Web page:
Photo gallery showcases journalism major’s college experience
The School of Communications hosts an exhibition of senior Al Drago’s photojournalism work as an Elon University undergraduate.
To a passer-by roaming the McEwen Communications Building’s second-floor hallway, the framed image of a Duke University basketball fanatic might not seem like the most representative snapshot of a person’s Elon University experience.
But if an individual considers not the fan depicted but the image’s photographer, journalism major Al Drago ’15, the photo’s selection comes into focus.
“These photos, in a nutshell, are my college experience,” said Drago, surveying the 28-image photo gallery the School of Communications is hosting to celebrate his undergraduate work. “It’s not a wild fraternity party or meeting a celebrity who came to campus, it’s working every day and making photos of my community, of the people in Raleigh or Durham, and of my friends. This gallery is my experience at Elon.”
Before he photographed the headgear-wearing Blue Devils fan, Drago recalled attending three Elon classes that day, his last one ending at 5:15 p.m. Forty-five minutes later, he was at Cameron Indoor Stadium, squeezing in a little homework as fellow photographers filed in. Then Drago shot the campus celebration during Duke’s Final Four win, edited and uploaded his work for the (Raleigh) News & Observer – where he was freelancing that night – and exited the arena around 3 a.m.
“I worked an eight-hour shift after going to class all day,” he said. “School and freelancing is a like having two full-time jobs. If you look at these photos in the gallery, most of them were taken on a Saturday or maybe a Tuesday afternoon when I didn’t have class.”
Drago’s commitment to his craft has long been apparent, and he’s supplemented his education with a series of notable internships with The Baltimore Sun, the News & Observer, The (Durham) Herald-Sun and the (Burlington) Times-News.
Along the way the chief photographer for "Elon Local News," and former photo editor for The Pendulum, has been recognized on the state and national levels, including being named the 2015 student photographer of the year by the White House News Photographers Association.
Randy Piland, senior lecturer in communications, paid Drago the ultimate photojournalist compliment, calling the senior a “hustler.”
“Al goes where the news is and where the good pictures are – whether its halfway across campus or halfway across the state,” Piland said. “And that is what a good photojournalist is all about.”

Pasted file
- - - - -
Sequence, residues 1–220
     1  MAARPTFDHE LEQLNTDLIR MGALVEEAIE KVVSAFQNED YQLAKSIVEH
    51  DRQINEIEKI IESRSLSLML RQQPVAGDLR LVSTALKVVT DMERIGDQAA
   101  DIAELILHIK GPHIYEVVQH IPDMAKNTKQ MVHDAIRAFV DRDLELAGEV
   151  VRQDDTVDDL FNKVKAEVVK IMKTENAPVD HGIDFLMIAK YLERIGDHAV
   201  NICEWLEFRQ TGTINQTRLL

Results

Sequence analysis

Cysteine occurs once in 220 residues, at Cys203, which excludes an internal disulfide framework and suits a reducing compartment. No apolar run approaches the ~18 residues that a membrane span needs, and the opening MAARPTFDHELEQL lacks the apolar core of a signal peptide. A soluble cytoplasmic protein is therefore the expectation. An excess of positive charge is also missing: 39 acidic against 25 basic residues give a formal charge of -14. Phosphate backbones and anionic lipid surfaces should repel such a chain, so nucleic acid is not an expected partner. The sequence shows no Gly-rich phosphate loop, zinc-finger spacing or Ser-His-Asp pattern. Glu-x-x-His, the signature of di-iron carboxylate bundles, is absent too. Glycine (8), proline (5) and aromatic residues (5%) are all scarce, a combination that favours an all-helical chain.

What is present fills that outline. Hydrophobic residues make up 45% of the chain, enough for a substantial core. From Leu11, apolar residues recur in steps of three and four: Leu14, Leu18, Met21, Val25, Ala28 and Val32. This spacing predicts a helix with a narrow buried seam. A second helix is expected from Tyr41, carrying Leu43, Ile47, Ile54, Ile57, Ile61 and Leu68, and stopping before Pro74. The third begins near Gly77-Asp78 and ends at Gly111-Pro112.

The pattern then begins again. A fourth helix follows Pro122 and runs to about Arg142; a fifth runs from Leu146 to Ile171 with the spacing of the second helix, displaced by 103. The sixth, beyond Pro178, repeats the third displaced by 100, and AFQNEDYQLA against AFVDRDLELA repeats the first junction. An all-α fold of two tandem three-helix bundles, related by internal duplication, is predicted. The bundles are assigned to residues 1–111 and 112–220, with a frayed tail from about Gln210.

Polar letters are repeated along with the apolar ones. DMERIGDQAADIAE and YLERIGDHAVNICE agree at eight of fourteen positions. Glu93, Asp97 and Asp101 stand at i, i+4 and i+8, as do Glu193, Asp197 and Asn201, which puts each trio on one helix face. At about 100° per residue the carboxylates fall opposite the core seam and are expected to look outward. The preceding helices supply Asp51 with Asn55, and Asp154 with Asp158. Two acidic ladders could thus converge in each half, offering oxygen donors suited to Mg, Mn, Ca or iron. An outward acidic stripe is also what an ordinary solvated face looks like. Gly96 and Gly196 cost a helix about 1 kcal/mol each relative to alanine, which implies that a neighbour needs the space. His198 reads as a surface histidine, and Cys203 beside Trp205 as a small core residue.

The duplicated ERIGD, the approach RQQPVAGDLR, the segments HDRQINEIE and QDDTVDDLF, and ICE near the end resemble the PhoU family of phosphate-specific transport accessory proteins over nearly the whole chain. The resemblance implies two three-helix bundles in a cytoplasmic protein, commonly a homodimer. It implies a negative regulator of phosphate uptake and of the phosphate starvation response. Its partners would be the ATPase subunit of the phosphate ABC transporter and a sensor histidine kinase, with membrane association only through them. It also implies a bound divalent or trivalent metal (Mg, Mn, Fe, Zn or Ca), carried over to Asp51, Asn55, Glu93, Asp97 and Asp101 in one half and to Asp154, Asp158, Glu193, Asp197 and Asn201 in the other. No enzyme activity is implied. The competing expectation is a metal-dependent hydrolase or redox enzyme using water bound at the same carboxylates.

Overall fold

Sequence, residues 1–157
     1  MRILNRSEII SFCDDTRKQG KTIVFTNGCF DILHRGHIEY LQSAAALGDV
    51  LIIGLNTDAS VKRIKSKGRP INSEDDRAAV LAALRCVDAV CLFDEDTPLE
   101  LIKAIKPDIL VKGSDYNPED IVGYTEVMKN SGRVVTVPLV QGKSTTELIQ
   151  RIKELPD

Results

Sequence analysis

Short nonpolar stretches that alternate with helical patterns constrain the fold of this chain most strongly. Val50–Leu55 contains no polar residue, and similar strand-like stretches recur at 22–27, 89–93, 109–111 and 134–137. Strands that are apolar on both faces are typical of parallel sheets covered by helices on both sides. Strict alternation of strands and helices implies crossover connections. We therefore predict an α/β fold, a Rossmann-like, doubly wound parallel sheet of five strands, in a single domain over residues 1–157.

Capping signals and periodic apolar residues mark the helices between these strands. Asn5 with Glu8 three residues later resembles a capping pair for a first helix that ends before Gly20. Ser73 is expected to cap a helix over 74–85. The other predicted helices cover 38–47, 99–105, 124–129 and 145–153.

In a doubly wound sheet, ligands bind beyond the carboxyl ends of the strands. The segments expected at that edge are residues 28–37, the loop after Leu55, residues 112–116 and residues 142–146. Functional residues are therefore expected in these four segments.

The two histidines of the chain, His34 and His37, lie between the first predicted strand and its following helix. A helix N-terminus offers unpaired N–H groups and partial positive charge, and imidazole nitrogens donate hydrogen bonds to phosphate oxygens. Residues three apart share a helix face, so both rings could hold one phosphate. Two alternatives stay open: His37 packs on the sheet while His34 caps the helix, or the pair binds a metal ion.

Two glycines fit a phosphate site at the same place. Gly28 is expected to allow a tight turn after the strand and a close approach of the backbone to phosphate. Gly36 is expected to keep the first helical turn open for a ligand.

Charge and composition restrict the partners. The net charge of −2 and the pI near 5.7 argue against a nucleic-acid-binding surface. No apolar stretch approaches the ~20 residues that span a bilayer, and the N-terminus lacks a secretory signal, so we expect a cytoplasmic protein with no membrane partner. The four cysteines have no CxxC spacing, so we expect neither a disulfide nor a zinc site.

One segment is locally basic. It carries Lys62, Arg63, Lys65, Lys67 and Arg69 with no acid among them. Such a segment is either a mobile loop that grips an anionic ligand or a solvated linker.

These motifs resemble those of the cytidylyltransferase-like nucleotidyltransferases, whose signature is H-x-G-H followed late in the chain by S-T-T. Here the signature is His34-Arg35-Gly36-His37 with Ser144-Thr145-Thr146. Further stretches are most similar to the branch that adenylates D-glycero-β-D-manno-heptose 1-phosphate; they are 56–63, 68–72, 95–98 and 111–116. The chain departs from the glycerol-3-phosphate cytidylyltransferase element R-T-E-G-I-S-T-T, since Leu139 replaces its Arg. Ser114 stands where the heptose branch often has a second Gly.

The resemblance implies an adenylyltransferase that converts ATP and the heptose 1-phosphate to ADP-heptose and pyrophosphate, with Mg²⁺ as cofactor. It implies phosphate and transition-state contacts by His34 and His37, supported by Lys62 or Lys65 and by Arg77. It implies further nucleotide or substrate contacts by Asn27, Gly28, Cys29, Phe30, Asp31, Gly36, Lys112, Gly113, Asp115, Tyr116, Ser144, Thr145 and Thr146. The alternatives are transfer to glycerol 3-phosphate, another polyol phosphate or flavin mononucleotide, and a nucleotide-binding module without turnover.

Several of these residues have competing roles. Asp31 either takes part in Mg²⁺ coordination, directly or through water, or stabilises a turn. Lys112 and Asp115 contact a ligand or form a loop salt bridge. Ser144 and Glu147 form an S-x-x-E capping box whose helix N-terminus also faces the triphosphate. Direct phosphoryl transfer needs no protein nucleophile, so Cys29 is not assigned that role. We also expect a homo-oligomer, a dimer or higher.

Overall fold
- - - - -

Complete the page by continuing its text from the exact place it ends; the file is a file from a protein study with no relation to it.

The photo gallery, which was set up in April, highlights Drago’s willingness to seek out stories, whether the action is at Elon’s Festivus mud party, a migrant village in Morocco, or a farm field in Clayton, North Carolina.
Some of Drago’s most moving gallery images are from his photo story, "Rising from the Ashes,” featuring a family that lives on the property of the Daniel Pitino Shelter, a facility for homeless women and families in Owensboro, Kentucky.
One image depicts Shelly Shrum and her daughter, Phoenix, curled up napping on the living room floor. “After they fell asleep watching ‘Barney,’ it was just me, a stranger who they met three days ago, alone in their house,” Drago recalled, sharing a bit of the photograph’s backstory.
Drago expressed appreciation for being the sole subject of the School of Communications’ gallery, which is usually reserved for photojournalism class projects.
“As a journalism major, I basically live in McEwen, so I walk these halls every single day,” he said. “It is incredibly humbling to see my photos up there. It is a wonderful way to end my time here at Elon.”
While each image has a story, Drago admitted one photograph in the gallery was more personal than others. It features a Turrentine Middle School baseball player pressed against a dugout fence and lost in his thoughts.
“Almost all of these other photos on the wall I shot on assignment for publications, but this baseball photo I shot for myself,” he said. “After my last final exam last spring, I went out on my own with my camera, and I found this middle school baseball game. I found this kid looking glum in between innings, and I made that photo. I wanted to make an image just for me.”
Does that happen often? “It seems I never do it,” he said.